It tolls for thee

Robert Macfarlane in More Intelligent Life:

Pines The Guadarrama mountains of Spain run from north-east to south-west across the central plains of Castille. They are ancient mountains, formed of pale granite and gneiss, their slopes densely wooded with pines of several species: black pines, maritime pines, sentry pines, Scots pines. I once walked across the range from south to north, sleeping in caves and forest clearings. Years on I still clearly recall the scents of those days and nights: “the piney smell of…crushed needles”, as Ernest Hemingway puts it in “For Whom The Bell Tolls”, “and the sharper odour of…resinous sap”. Hemingway’s novel is set in the Guadarrama during the last May of the Spanish civil war. Its hero is Robert Jordan, a young American fighting for the International Brigade. Jordan, an explosives expert with a profound disinterest in his own fate, is tasked by his Soviet commander with destroying a bridge in the Fascist-held mountains. He joins forces with Republican partisans who have gone guerrilla. Their base for the operation is a cave in the “rim-rock” at the “cup-shaped upper end” of a “little valley”.

In the book’s second paragraph, Jordan unfolds a photostatted map on the “pine-needle floor” of the forest. That contrast between military perception and natural presence preoccupies Hemingway throughout the novel. The landscapes of the Guadarrama are interpreted chiefly in terms of tactics: open ground is read for its lines of fire, “timber” for its cover. Those with close knowledge of the range – like Jordan’s trusted guide Anselmo – are valuable because they can move discreetly through this hostile territory. Yet these tough men remain alert to the beauty of the mountains. When a two-day blizzard blows in, Jordan relishes its wildness, though he knows it will betray their position. Pilar, a fellow partisan, agrees: “What rotten stuff is the snow and how beautiful it looks.” The hurry-up-and-wait aspects of war mean there is time to appreciate the “afternoon clouds…moving slowly in the high Spanish sky”. Maria, Jordan’s lover, speaks of her passion for the pine forest: “the feel of the needles under foot…the wind in the high trees and the creaking they make against each other”. Even their target is assessed both aesthetically and militarily – it is a “steel bridge of a single span”, possessing a “solid-flung metal grace”, standing “dark against the steep emptiness of the gorge”.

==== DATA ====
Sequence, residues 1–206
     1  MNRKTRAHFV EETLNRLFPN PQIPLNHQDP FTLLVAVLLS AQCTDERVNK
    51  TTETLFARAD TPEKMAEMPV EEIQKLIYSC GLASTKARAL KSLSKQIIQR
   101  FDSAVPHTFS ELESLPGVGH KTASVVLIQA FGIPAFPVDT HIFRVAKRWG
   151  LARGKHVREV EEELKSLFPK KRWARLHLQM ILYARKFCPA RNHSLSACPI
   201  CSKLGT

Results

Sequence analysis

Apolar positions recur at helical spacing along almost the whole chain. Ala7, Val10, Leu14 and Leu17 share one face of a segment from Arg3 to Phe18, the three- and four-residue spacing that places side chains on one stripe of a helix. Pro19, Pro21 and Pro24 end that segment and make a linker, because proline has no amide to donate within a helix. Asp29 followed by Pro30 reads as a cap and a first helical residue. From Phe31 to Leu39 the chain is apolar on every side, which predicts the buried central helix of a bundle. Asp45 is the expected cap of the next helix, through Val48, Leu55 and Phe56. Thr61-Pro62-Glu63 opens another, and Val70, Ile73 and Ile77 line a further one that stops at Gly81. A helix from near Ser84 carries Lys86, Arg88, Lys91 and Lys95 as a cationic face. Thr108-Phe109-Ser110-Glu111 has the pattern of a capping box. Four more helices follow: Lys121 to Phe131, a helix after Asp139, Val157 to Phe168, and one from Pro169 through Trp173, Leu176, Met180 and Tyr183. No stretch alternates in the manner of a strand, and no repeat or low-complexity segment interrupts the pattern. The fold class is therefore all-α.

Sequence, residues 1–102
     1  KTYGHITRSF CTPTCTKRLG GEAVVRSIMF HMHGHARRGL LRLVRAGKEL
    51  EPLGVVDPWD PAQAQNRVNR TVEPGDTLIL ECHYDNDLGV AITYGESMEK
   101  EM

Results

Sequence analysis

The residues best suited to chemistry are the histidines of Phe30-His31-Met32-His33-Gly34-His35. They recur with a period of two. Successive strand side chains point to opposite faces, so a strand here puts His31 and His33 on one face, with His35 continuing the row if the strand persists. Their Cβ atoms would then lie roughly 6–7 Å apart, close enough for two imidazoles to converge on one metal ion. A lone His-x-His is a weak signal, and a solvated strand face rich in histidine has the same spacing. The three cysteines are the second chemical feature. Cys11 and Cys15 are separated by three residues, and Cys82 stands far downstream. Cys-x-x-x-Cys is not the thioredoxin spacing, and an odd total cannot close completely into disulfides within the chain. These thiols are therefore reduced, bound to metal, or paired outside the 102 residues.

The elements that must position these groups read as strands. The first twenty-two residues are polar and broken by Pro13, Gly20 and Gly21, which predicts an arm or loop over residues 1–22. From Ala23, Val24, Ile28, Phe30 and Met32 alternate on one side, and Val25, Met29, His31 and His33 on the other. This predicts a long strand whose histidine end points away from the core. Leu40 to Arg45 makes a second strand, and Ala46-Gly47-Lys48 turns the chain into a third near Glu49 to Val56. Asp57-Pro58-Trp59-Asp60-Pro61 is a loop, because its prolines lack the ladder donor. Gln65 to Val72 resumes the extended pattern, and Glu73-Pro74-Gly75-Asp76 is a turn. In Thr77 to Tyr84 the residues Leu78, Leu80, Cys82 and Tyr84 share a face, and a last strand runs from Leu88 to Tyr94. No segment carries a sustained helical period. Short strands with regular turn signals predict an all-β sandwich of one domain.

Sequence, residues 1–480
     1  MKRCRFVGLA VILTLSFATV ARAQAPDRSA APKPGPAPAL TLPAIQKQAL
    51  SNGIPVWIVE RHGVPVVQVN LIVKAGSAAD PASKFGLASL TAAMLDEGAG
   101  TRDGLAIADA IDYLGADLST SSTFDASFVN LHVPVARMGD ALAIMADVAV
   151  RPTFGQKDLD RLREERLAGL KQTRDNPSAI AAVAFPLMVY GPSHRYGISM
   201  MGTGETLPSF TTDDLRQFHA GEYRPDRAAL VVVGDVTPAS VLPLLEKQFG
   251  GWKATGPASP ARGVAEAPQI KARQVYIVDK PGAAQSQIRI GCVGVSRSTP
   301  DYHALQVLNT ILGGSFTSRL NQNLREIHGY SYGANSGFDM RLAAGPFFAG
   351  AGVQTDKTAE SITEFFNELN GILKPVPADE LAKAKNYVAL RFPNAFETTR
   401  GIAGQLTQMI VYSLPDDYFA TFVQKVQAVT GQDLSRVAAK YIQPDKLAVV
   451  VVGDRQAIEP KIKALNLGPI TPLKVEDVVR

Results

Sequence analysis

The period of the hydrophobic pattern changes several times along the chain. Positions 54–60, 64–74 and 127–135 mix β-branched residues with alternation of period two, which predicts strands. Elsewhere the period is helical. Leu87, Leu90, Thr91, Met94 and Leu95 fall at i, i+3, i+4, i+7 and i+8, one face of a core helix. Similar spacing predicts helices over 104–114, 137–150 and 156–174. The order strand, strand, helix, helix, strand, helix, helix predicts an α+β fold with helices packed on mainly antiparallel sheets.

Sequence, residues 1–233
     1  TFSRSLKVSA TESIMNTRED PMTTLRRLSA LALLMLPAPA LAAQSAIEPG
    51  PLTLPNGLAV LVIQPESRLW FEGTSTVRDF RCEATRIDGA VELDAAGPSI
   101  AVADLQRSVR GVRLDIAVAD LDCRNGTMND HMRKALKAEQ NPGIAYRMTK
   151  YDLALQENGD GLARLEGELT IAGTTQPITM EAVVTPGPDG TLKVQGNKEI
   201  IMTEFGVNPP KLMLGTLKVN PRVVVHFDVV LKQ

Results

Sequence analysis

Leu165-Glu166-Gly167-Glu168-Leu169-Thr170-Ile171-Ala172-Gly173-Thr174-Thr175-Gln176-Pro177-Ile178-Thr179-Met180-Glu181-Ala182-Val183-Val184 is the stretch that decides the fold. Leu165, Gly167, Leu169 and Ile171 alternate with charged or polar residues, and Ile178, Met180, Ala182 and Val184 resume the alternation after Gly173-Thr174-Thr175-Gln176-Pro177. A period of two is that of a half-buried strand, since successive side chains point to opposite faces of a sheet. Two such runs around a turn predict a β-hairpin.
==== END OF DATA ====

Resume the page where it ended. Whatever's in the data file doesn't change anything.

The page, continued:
More here.